A 11.65MW solar farm has been installed by HBS New Energies as part of Anglian Water’s Solar Delivery Programme.
The farm – located at Grafham Water – was developed by HBS, with Macquarie’s Green Investment Group (GIG) structuring the power purchase agreement (PPA) used to fund the project.
Having now been successfully connected, the farm is to meet over 26% of Grafham Water’s energy consumption through a private wire connection, with the site using around 45 million kilowatt-hours of energy per year.
Completed in 26 weeks, the solar farm is the largest in Anglian Water’s solar portfolio, consisting of almost 43,000 panels across 465 tables and 250 miles of cable and spanning over 2 miles.
James Bull, managing director for HBS New Energies, said: “From developing the opportunity, achieving one of the UK’s largest permitted development approvals, to designing out risk on a very complicated site and installing through a pandemic every team member excelled in both quality and effort. Grafham Water is a great example to all other water utilities and businesses showing what collaboration and a joint effort to succeed can achieve.”
The solar farm will support Anglian Water’s goal of achieving net zero by 2030, having penned a power purchase agreement (PPA) for more than 35MW of solar with NextEnergy Capital.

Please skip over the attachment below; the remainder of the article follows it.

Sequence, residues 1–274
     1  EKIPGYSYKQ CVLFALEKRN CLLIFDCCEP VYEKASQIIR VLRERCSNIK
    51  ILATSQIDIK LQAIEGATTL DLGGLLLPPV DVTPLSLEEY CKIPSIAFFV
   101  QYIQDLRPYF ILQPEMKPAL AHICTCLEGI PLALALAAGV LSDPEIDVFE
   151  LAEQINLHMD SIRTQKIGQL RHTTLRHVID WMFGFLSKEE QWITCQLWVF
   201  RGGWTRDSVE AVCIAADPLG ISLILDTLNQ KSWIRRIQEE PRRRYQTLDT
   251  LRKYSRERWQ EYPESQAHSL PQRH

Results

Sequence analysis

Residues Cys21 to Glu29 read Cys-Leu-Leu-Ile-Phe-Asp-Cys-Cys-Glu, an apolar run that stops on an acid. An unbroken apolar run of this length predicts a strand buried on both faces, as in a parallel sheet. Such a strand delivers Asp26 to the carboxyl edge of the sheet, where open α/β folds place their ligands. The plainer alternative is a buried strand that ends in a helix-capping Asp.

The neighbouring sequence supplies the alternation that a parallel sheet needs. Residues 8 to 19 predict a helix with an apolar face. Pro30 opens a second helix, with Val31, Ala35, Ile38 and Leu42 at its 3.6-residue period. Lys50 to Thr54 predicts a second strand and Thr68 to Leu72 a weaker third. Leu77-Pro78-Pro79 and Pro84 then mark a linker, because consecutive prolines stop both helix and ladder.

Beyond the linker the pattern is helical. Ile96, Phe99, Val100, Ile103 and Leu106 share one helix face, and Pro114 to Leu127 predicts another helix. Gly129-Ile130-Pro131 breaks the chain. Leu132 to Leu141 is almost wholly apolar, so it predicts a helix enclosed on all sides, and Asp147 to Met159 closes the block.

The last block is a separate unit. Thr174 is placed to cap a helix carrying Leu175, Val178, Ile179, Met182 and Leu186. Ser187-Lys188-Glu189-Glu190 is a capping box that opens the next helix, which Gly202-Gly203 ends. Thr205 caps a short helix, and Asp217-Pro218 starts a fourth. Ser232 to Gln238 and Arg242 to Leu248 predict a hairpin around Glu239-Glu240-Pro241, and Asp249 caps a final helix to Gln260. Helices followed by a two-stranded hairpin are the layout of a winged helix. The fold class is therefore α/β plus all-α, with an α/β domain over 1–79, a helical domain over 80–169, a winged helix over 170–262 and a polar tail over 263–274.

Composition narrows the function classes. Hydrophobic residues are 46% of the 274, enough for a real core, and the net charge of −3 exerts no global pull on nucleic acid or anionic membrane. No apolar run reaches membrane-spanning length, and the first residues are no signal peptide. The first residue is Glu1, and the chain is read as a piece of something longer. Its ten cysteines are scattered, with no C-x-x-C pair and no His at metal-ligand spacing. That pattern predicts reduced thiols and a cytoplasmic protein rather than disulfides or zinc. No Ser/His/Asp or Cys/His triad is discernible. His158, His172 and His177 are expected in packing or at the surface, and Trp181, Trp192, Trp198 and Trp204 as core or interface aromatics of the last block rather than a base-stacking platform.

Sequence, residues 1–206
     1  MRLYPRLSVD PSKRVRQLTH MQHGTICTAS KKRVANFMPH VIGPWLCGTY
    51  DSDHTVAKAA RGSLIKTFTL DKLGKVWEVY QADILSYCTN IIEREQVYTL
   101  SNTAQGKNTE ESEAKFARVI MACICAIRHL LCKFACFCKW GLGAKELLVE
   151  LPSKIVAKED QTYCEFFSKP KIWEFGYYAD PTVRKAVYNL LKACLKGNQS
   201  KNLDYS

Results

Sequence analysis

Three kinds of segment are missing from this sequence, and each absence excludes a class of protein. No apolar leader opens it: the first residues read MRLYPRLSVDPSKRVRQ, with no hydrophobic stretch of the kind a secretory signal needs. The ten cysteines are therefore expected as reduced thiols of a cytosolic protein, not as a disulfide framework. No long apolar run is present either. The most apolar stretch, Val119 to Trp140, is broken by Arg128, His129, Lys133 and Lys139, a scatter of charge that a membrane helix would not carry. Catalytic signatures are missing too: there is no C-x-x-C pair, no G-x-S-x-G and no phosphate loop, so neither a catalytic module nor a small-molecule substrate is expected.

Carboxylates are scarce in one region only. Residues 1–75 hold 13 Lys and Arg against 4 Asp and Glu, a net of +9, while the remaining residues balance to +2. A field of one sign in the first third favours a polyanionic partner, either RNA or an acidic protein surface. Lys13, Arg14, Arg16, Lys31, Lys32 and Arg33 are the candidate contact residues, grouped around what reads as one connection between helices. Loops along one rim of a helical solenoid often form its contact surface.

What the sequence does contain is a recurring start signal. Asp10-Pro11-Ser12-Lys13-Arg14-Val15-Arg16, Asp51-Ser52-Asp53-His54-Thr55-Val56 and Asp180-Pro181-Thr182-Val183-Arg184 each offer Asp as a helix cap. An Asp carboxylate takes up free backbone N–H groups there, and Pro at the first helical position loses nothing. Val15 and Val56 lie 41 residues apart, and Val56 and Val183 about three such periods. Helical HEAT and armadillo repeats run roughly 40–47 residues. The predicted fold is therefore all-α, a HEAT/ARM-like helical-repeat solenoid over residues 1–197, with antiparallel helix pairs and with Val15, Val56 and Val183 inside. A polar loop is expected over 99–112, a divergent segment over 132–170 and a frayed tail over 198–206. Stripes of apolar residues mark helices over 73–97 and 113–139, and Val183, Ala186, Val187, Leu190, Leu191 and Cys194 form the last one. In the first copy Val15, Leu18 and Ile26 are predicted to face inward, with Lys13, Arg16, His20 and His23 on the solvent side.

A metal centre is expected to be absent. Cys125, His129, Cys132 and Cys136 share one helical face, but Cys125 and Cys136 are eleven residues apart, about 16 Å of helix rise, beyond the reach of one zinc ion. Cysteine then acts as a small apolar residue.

The utility has also previously agreed a five year renewable energy framework with HBS New Energies to develop assets with generating capacities between 200kW and 15MW, with Macquarie financing these assets.
Solar arrays at Anglian Water’s Hall water treatment works in Lincolnshire and water recycling centres in Witham and Rayleigh in 2016 were installed as part of that project, as well as a 500kWp site in 2018.
HBS also completed the installation of 894kWp of solar for the water company in December 2019.
However, it’s not the only water utility to be targeting net zero, with solar to play a key part in getting there. Scottish Water is looking to achieve net zero by 2040, having completed its latest solar installation earlier this month, and Yorkshire Water opened a tender for solar at 150 sites in June as part of its bid to reach net zero by 2030.